Given that SMEs operate within uncertain environments (Mole, 2004), external accountants can take advantage of opportunities to support owner/managers of SMEs to address succession issues by using their analytical skills, commercial expertise and broader industry perspectives to knowledge of clients' succession situations (Martin, 2005). It is evidenced that the main source of professional and support services for SMEs in the competitive market in the Asian business community are professional accountants (Dhaliwa, 2003). Increasingly, hence, attention has been given to the external accountant as business advisor and to the multidisciplinary practice concept, a focus partly precipitated by a downswing in economic activity (Greenwood et al., 2002; Carey et.al, 2005; Samujh and Devi, 2008; IFAC, 2010). Specialization is a key to success, with many professional accountants concentrating on particular services (Martin, 2005). One form of specialization can be the provision of integrated solutions for small companies, a further enhancement of the traditional role of the professional accountant and, possibly, extending into employment and training, sales and marketing and customer care (Martin, 2005).

RBV suggests that SME performance can be increased via receiving information and advice (Bennett and Robson, 2004). Hence, the evidence indicates that SMEs perceive a benefit from external accountants' advisory services, but there is a little empirical evidence that SMEs obtain a direct benefit from those services (Bennett and Robson, 1999; Robson and Bennet, 2000; Berry et al., 2006). These studies have been carried out in more developed economies. Furthermore, the results are inconclusive. Besides, Devi and Samujh (2010) evidence a shift towards provision of more non-compliance services to SMEs among professional accountants in Malaysia, an emerging economy [1] . However, the effect of external accountants' services on SME performance has not been examined in an emerging economy context. Even in the context of developed countries, for example, Australia, whilst it is evidenced that external accountants were the most common sources of advice, being used by 72 percent of SMEs (Leung et. al., 2008), there is no evidence to suggest that utilisation of external accountants' services impact SME performance. Furthermore, arguably, evidence from the more developed economies may not be as applicable to economies such as Iran [2] (Mashayekhi and Mashayekh, 2008) due to differing institutional context (Devi and Samujh, 2010) and level of state intervention in economic activities (Ismail and Zin, 2009; Ismail and King, 2006). Given that, the nature of accountants' services is people-intensive (Everaert et al., 2008), and the resource gap and competitive environment faced by SMEs (IFAC, 2010), it is timely to explore whether the provision of external accountants' advisory services is associated with SME performance in an emerging economy. Hence, this paper aims to identify the factors that affect Iranian SME decision to utilise external accountants' advisory services and to examine the effect of external accountants' advisory services on SME performance using the resource-based View (RBV) theorisation in the Iranian manufacturing sector.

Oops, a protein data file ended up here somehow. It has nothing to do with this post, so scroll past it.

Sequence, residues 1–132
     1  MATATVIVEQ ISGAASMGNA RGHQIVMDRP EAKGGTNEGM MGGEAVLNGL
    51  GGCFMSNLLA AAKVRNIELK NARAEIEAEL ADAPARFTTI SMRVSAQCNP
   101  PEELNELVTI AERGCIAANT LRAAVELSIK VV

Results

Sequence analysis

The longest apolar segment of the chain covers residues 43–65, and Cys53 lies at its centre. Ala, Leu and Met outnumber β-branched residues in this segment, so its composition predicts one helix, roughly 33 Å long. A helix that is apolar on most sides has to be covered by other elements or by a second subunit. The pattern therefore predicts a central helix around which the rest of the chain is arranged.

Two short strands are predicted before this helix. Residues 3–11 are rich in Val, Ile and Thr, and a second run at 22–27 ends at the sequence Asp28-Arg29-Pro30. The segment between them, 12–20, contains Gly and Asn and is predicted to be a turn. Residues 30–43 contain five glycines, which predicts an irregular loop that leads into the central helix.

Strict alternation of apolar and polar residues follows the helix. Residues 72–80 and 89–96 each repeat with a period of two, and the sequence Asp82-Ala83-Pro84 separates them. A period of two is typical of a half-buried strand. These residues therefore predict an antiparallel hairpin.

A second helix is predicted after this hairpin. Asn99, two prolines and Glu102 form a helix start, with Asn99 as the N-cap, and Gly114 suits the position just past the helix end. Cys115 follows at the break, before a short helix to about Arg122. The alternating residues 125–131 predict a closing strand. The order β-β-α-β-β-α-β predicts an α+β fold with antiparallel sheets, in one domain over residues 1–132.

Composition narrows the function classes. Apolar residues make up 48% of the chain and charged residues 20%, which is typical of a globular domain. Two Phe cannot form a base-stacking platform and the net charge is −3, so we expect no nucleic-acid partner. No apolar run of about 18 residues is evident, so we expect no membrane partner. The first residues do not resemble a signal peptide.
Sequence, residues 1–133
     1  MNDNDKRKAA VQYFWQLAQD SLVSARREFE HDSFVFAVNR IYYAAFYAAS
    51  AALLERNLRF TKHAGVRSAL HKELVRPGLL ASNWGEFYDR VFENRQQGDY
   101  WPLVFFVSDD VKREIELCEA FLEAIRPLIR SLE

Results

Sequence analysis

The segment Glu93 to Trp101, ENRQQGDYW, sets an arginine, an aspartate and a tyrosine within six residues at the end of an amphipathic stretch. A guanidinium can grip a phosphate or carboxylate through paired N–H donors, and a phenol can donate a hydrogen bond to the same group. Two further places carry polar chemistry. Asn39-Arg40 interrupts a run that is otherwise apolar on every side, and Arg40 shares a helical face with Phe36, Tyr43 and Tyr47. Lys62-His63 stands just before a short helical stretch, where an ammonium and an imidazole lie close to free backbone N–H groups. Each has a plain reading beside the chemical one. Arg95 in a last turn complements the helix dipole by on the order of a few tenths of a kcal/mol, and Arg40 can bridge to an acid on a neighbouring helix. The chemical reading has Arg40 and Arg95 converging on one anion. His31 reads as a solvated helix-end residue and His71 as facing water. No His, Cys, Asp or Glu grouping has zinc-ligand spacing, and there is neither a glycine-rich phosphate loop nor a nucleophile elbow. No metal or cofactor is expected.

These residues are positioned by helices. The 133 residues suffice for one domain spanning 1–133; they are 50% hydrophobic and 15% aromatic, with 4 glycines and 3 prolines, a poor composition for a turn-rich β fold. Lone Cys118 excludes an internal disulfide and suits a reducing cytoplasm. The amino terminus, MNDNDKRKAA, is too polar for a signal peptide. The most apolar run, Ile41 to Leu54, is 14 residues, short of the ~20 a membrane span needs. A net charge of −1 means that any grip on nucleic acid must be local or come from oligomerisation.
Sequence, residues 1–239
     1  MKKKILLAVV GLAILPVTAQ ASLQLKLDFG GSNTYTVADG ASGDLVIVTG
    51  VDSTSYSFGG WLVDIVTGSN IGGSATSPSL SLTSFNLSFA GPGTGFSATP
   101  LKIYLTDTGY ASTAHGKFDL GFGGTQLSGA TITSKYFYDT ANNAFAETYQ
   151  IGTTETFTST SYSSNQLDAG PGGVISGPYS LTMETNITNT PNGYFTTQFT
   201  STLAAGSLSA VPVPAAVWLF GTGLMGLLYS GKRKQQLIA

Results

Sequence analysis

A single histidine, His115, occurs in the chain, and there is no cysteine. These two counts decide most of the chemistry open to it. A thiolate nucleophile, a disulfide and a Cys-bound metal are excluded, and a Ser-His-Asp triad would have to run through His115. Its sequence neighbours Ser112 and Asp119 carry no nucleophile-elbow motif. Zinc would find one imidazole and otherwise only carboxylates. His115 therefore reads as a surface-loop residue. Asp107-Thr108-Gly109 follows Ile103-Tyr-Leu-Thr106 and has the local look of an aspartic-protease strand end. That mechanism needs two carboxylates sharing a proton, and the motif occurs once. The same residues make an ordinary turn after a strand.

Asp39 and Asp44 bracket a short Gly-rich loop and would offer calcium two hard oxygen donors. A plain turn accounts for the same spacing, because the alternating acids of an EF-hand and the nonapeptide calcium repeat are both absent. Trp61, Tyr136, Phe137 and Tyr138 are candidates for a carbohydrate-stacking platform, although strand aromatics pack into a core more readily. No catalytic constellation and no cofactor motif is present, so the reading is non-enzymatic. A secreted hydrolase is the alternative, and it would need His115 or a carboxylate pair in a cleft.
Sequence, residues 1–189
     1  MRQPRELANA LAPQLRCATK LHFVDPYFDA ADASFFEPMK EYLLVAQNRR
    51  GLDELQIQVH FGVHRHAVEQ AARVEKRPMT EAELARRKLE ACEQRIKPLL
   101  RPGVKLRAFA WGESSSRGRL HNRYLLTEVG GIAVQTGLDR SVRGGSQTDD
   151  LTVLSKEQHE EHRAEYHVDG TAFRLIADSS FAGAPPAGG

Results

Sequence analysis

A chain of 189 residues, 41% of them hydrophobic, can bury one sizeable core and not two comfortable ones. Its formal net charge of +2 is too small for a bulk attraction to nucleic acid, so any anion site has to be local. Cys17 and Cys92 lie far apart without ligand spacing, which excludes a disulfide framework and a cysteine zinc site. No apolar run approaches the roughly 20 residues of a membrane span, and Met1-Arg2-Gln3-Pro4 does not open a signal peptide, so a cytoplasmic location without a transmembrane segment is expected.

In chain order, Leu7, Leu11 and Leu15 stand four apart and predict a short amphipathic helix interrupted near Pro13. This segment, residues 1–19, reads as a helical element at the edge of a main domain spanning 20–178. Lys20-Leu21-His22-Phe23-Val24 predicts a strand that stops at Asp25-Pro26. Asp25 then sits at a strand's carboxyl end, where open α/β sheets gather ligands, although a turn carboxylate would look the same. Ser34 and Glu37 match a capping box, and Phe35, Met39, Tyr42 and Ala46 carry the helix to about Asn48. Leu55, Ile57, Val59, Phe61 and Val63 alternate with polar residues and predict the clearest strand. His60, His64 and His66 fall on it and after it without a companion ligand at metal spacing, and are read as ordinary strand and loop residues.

The rest of the discussion is organised as follows: Section one provides the review of literature and develops hypotheses utilising the RBV as a theoretical framework to investigate the use of advisory services. Section two explains the research methodology. Section three presents the findings. Section four discusses the implications. Section five concludes with suggestions for future research.

1. Review of Literature

1.1. Professional accountants in Iran